For fever: You can treat your child's fever with fever-reducing medications as recommended by your child's pediatrician or by following the medication label(s).
For cough and congestion:
Nasal suctioning and nasal saline drops or sprays can help to keep your child's nasal passage clear and help with their comfort of breathing, eating, and sleeping. *Avoid over-suctioning or cleaning your child's nose too frequently or too harshly to avoid bleeding and trauma to the area.
Running a cool mist humidifier, especially while sleeping or keeping your child's room cool (with a fan or air conditioning) can help with their comfort of breathing while sleeping. *Be cautious of using vaporizers, especially those with menthol-containing products as this is not typically recommended for small children.
Consult with your child's pediatrician before giving any over-the-counter cough and cold medications. Many of these medications are not helpful or are not recommended for certain ages, and some may cause more harm than good.
For trouble breathing:
IF YOUR CHILD HAS TROUBLE BREATHING, YOU SHOULD ALWAYS SEEK MEDICAL ATTENTION AS SOON AS POSSIBLE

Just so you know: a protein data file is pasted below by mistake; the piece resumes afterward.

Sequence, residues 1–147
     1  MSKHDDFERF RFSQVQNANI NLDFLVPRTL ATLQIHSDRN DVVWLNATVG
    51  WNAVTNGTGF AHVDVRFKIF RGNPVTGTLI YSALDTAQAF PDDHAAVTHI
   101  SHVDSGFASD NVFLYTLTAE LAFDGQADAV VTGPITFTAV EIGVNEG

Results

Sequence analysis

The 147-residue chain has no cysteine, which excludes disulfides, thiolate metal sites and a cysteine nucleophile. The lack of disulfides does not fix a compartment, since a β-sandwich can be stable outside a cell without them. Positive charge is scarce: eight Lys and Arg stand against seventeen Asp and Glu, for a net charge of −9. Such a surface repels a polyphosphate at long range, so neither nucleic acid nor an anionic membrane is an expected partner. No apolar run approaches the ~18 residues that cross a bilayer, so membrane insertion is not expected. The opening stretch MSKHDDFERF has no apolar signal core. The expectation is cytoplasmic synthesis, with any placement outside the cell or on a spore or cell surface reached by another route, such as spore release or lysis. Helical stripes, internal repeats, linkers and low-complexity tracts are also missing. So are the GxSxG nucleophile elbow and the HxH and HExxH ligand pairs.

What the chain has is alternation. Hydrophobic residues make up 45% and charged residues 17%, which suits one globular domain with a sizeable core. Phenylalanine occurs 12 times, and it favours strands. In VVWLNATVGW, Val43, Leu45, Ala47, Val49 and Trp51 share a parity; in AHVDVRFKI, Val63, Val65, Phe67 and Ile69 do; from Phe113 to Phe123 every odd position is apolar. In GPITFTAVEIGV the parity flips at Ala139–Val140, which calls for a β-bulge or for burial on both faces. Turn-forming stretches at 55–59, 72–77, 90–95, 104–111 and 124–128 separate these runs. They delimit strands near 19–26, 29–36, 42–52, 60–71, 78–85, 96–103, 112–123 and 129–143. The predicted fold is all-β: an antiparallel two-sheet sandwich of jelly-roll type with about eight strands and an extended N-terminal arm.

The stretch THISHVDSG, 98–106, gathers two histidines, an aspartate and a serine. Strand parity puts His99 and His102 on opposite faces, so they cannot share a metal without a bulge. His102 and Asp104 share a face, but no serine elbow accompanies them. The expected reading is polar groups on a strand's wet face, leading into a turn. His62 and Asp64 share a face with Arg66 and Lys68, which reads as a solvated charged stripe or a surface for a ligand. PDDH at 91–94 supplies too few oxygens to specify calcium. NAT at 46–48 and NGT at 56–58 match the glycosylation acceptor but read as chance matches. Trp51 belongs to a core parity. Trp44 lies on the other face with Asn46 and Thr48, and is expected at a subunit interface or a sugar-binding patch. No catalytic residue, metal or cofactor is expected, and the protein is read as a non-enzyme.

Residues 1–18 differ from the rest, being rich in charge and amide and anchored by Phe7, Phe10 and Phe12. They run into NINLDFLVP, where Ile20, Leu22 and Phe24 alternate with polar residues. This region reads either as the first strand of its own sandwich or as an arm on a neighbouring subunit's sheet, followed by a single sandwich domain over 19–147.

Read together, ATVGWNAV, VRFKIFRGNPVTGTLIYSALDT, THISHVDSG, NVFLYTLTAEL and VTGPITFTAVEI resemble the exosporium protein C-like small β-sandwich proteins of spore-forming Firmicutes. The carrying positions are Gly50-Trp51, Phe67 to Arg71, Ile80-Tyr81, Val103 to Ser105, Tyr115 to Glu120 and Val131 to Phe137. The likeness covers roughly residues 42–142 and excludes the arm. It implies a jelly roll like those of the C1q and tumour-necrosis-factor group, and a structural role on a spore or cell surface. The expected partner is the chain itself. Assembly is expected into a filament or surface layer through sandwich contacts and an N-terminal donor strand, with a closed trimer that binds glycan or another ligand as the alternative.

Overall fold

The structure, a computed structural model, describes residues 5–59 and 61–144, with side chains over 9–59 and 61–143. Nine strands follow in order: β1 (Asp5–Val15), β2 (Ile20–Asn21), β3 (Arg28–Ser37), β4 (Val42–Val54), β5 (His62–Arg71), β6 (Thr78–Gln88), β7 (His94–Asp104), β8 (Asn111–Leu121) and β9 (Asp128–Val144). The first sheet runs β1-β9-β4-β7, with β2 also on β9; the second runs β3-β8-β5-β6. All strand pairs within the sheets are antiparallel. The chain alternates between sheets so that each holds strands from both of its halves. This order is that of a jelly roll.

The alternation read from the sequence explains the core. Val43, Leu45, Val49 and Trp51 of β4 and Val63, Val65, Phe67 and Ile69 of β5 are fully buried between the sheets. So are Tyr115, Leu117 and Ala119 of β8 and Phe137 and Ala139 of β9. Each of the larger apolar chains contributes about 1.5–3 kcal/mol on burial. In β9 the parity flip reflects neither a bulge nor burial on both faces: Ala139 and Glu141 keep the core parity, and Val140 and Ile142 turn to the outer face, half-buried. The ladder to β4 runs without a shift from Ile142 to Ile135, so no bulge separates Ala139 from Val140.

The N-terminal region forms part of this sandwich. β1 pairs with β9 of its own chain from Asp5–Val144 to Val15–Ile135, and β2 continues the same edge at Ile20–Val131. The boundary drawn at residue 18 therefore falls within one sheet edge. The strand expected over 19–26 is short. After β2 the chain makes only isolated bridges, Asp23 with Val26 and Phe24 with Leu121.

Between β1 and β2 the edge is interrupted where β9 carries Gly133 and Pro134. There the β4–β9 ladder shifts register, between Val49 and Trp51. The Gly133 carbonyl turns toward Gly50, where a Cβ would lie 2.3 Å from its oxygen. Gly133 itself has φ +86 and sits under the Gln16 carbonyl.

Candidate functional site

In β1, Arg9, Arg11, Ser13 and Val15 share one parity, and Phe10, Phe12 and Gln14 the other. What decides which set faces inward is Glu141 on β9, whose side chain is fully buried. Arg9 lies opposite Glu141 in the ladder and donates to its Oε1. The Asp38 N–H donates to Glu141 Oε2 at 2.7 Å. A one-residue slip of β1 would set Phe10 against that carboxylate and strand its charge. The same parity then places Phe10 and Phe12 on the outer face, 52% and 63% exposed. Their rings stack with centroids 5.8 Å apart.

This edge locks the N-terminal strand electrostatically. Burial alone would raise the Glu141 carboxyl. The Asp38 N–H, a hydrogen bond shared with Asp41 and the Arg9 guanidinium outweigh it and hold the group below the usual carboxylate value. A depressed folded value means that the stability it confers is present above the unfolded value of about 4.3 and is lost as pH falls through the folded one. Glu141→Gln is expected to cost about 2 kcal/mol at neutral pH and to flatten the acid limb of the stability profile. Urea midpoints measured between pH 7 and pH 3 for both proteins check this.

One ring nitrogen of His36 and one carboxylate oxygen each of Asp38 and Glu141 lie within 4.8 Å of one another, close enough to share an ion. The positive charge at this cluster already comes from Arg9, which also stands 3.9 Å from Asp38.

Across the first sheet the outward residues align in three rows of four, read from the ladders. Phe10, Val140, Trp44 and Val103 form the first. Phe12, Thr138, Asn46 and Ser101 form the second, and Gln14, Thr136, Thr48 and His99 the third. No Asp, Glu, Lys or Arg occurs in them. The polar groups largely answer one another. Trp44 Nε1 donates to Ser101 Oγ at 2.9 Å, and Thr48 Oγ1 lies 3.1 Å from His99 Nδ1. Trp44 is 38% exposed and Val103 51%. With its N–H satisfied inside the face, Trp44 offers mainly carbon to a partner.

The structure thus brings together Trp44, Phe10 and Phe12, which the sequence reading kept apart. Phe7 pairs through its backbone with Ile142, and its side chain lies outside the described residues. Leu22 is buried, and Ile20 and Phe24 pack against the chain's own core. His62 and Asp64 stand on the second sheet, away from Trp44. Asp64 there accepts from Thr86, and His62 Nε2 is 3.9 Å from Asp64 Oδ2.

Your child's doctor may prescribe medications to help with mild-moderate breathing issues (however, there is some controversy on whether or not medications are necessary or helpful at all with bronchiolitis).
Severe breathing issues may require oxygen and/or hospitalization
For decreased appetite:
Focus on hydrating your child over age 1 with CLEAR fluids, such as water and electrolyte solutions. Milk may be more difficult to handle if your child is very congested. For children under age 1, encourage clear fluids IN ADDITION to their usual milk, as their milk is still an important source of hydration and calories under age 1.
Monitor their urine output. If they are still making a normal amount of wet diapers or urine, this is a good sign that they are well hydrated. If their urine output has decreased, talk to their doctor right away or seek medical care.
If your child becomes severely dehydrated, they may require IV fluids in a hospital.
When should I be worried?
If your child has any of these symptoms, even if you have already seen or spoken to their pediatrician, you should call the pediatrician's office:
Has symptoms that are getting worse, not better, after the first 5 days of illness
Has fever that lasts for more than 5 days
Has fever that developed AFTER the first 5 days of illness
Has any other symptoms that concern you
RSV and bronchiolitis can cause severe illness in some children that requires hospitalization. If your child is experiencing any of these symptoms, you should seek immediate medical care by calling 911, taking your child directly to the ED, and/or speaking to your child's pediatrician right away.
Trouble breathing, which may include fast breathing, belly or ribs sucking in while breathing, or blue/purple discoloration around mouth or lips
Is unable to drink fluids (or unable to hold them down due to vomiting)
Has stopped making urine/wet diapers
Is lethargic (too tired to cry or fuss, limp arms or legs, or won't wake up or get up when trying to awaken)